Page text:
- 20 Aug 15
True nobility, Ernest Hemingway said, lies in being superior to your former self. But what about your former selfie? Write Here, Write Now 2nd Level Winner, Rose Keating – pictured above in a selfie of her own! – attempts to provide the answer…
The selfie. Ahhh, the infamous selfie. Wherever you go in the world right now, this six-letter word will be there to haunt you. In public bathrooms, iPhones are clutched high for the right angle; at home on your computer screen, visions of perfect eyebrows, good lighting and the use of a girl’s bedroom mirror await your attention – and your ‘likes’.
Tourists beside local monuments capture proof of their wild adventures. Even celebrities have taken to the trend, posting their self-shots on Twitter, Instagram and Facebook, for all of us to see. Trends like the Selfie a Day Challenge and the No Make-up Selfie fundraiser bombard us everywhere we turn.
Just last year, the word ‘selfie’ was added to the Merriam-Webster dictionary. It is definied as: “An image of oneself, taken by oneself, using a digital camera especially for posting on social media networks.” Most digital cameras, of course, come as part of your smartphone, meaning that the vast majority of us have them. Which explains why selfies have become so ubiquitous.
Yet, for something so apparently simple, this word carries with it the weight of much controversy and not a little tension. With over one million sefies being taken and posted online each day, by everyone from President Obama to Pope Francis, it’s little wonder that such a small word could have such big argument-creating capability.
Many believe the seemingly innocent spread of the selfie has negative consequences. Vanity, narrcisism and superficiality are all words thrown around in online arguments against the selfie. But recent studies at various universities say that it is much more than this. “It’s a kind of self-definition,” says Dr Terri Apter, of Cambridge University. “We all like the idea of being sort of in control of our image and getting attention, being noticed, being part of the culture.”
So what do I think of it all?
We may well get a feeling of being ‘in control’ if we post a picture and receive a relatively large number of likes and positive comments. And if we do, we may continue our day feeling confident, flattered and pleased.
But how many of us have posted a selfie on social media, and due to poor reception or other reasons, regretted it half-an-hour later? When we are denied attention, or fail to win people’s approval, it can often leave us with feelings of rejection, loneliness and embarrassment.
The truth is that it has to be slightly damaging, and demeaning, for anyone to measure their self-worth based on the amount of likes or favorites they get on a self-shot.
That said, however, I am strongly of the opinion that selfies can in fact be an incredibly positive thing. In an age where we are forced to compete with photoshopped beauties and 6-foot tall belles, insecurity and body issues are at an all time high, especially among young women and young men. Images of toned tums, tiny waists, wide hips somehow completely devoid of body fat, high, bountiful chests and pert bums greet us ladies at every turn in our daily travels.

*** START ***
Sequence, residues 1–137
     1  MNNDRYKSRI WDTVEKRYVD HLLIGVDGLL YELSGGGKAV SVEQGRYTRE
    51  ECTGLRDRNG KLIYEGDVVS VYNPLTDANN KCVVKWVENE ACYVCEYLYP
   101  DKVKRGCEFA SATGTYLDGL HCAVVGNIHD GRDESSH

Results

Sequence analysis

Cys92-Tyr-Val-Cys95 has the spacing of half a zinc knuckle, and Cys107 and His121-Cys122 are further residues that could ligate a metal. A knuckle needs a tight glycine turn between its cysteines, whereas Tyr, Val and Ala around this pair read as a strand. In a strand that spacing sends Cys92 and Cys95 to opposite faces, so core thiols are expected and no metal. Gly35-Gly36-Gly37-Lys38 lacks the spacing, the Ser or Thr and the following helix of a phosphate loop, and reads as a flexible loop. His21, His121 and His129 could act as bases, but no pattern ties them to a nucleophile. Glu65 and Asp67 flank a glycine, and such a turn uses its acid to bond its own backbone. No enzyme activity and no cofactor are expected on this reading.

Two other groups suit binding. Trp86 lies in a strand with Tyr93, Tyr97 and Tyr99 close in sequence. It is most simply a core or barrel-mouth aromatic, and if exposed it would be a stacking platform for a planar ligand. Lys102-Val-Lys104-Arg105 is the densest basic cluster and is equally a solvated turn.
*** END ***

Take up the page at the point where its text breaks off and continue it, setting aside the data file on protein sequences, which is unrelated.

Chiseled abs, high cheekbones, hairless bodies, full lips, strong masculine jaw-lines and toned yet not bulky bods are expected of men. Day in and day out, we are fed these images, whether through television, our latest favorite film, the glossy, glam magazine your mum gets, or even milk ads. We cannot escape them – and so eventually, the threat, which these levels of perfection represent, begins to wear us down.
So I say to you: take that selfie! Why? Because, this isn’t about measuring your self-worth according to other people’s reactions. If you happen to look in a mirror and think, wow, I like what I’m looking at, then be proud. The idealized perfections with which we are surrounded are unattainable – but if, in that moment, you look at your own image and see its strengths and its attractiveness, well, why not go ahead and capture that moment?
In this way, selfies are a tool that can be used to redefine what ‘perfection’ is. Freckles, spots, laughter lines, red noses and baggy eyelids: these make you what you are, and are part of the best ‘you’ in the whole world, so why don’t we see that as perfection?
Or doll up your face with false eyelashes and big red lips. Do what makes you feel good. Grab a camera and smile. Pout. Look serious and deep and Byronesque. Or make a funny face. This is your picture, for you, and if the world happens to like it too, hey, that’s great. But if it doesn’t: who cares?
So selfie on, guys and gals, because you really are looking great…
• Rose Keating was among the winners of Write Here, Write now 2015. The competition was run by Hot Press, in association with Dublin City Libraries, the One City One Book festival, Dublin City Council, the Department of Arts, Heritage and the Gaeltacht, Easons and Microsoft.